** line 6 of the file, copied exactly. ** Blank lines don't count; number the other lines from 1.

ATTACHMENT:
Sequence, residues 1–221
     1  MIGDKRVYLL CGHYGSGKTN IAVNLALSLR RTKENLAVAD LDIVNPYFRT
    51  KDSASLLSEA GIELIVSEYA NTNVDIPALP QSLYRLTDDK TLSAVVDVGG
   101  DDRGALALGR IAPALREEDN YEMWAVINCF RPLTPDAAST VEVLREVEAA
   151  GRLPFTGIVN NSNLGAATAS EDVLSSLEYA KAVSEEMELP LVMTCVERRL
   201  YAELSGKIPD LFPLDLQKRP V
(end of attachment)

   201  YAELSGKIPD LFPLDLQKRP V